Takis

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I'm Professor and Chair of Computer Science at Wellesley College, studying online social media, primarily related to the propagation of information and misinformation, prediction of political events, and in developing tools that help users evaluate the trustworthiness of information. In particular, with my Wellesley colleagues and students, we have been studying the problem of propaganda and online misinformation since 2002.

* The paper "Of course it is true; I saw it on the Internet: Critical thinking in the Internet Era" was the first to raise concerns about our challenges to evaluate the validity of what we read on the internet, many years before "fake news" became an issue. It pointed to the fact that people confuse the process of searching online with the critical thinking that is required to make sense of the results of the search.

* It was followed by the 2005 paper on "Web Spam, Propaganda and Trust" that shows the close relationship between propaganda in society and search engine manipulation (web spam) on the internet. It also describes how Google and other search engines have been manipulated by advertisers and propagandists since the early 2000's.

* A follow-up version, "Web Spam, Social Propaganda and the Evolution of Search Engine Rankings" shows that search engines are evolving their ranking methods to outsmart the propagandists and spammers. This is not an easy task, however, and the result is an arms race that most people are unaware of.

* Defending against propaganda is particularly important in democratic elections when propagandists can alter public perception of candidates and even flip elections to their benefit. Multiple evidence of such manipulation was uncovered during the 2010 MA special election for the seat of Ted Kennedy. In "From Obscurity to Prominence in Minutes: Political Speech and Real-Time Search" (WebScience 2010 Best Paper Prize) we reveal the first political "Twitter-bomb" by bots, and a Twitter-enabled Google bomb.

* The previous paper was the inspiration for many projects to defend against misinformation including Indiana University's Truthy and Botometer, and our TwitterTrails system. (Here is a short description on how TwitterTrails works.)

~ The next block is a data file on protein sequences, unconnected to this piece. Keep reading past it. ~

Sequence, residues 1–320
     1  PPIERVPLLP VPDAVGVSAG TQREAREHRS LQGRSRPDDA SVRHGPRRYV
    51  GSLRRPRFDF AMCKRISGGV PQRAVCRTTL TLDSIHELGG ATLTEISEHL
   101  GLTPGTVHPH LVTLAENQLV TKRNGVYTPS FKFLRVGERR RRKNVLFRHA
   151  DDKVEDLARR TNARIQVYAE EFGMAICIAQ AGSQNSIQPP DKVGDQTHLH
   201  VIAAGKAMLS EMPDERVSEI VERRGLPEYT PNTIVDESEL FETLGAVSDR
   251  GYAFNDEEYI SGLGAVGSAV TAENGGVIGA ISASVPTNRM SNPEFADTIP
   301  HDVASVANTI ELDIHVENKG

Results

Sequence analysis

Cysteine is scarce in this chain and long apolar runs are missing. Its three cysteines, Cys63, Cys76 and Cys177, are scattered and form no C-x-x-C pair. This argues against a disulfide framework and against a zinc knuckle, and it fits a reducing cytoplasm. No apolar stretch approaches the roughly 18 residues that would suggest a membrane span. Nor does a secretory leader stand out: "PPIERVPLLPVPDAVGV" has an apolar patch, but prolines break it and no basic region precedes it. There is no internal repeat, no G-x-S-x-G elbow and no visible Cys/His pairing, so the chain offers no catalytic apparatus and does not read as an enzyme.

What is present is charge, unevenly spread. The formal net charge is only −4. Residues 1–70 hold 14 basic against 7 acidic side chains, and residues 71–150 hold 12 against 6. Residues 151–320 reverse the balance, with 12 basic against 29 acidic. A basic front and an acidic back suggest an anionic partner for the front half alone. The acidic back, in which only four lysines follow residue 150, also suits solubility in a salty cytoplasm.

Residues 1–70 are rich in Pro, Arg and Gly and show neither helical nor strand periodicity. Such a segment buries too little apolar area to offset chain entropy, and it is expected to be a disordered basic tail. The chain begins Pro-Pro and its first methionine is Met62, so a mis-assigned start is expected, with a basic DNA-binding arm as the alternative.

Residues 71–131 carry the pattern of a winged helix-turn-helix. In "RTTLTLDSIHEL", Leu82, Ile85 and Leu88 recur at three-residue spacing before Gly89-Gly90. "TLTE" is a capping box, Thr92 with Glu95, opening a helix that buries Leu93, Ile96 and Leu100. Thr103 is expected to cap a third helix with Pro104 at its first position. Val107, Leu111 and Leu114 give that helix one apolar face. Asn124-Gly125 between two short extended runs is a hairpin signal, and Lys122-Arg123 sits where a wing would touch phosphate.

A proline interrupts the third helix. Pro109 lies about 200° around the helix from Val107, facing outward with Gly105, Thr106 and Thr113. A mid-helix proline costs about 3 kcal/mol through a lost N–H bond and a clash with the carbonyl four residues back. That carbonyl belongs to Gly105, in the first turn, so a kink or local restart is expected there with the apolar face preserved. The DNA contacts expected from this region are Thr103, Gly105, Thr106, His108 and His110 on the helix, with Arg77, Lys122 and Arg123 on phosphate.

* In "The infamous "pizzagate" conspiracy theory: Insights from a TwitterTrails investigation" we study how the 2016 conspiracy theory developed on Twitter and identify who started the rumor and the role that pro-Erdogan Turkish trolls and journalists played in its spreading (see video).

* As a response to the early 2010's plethora of reports about predicting electoral results using social media, we published "Limits of Electoral Predictions" warning against the flaws of such predictions. The paper "How (Not) to Predict Elections" describes the conditions under which such predictions should be evaluated: One should predict BEFORE the elections; one should not do a post-election analysis on how one could have predicted!

Our electoral unpredictability "theorem" says that one cannot predict elections using just online social media data because the stakes are too high. If it were possible, spammers and propagandists would manipulate the data so that their side appears as predicted to win, which makes prediction impossible. We summarize our observations in a SCIENCE article entitled Social Media and the Elections

* More recently, in "The Fake News Spreading Plague: Was it Preventable?" we show how the method of spreading "fake news" on Facebook in 2016 was identical to the method used in the first political "Twitter-bomb" in 2010. The disturbing fact is that techniques such as the ones that the Russians and other propagandists deployed in 2016 were taught by Americans in 2010 and they can be redeployed at any time.

* Since the problem of online misinformation became obvious, much research is done in trying to develop a technical solution. As I explain in Technology, Propaganda, and the Limits of Human Intellect, purely technical will not work, they may even backfire. Education is still an essential component of any solution. Especially, epistemological education: Understanding why we believe what we believe.

More information about my current work is in "Separating Truth From Lies" and in my Publications, News coverage and Video/Audio pages.

In the past, I have done research in Visualization, Parallel Computing, Image Dithering and CS Education.

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I studied Mathematics at the University of Athens and Computer Science at Brown. I received my M.Sc. and Ph.D. in Computer Science from Dartmouth, and have been a visiting scientist at MIT, the Sydney University in Australia, and at Harvard. Regarding professional associations, I'm a senior member of the ACM, and a member of LACS, IEEE Computer Society, SIGWEB, SIGCSE and SIGACT's Electronic Publication Board. I also serve on the program committees for the WWW (Social Networks Track), AAAI-Web, WEBIST, ICWI and ICWSM conferences.

My research has been supported by the National Science Foundation, Brachman-Hoffman Fellowships, and Wellesley College.

On a personal note, here is a digital copy of the book "History of the Metaxa Family from 1081 until 1864" (in Greek) by Epaminondas Metaxas, MD (Athens, 1893)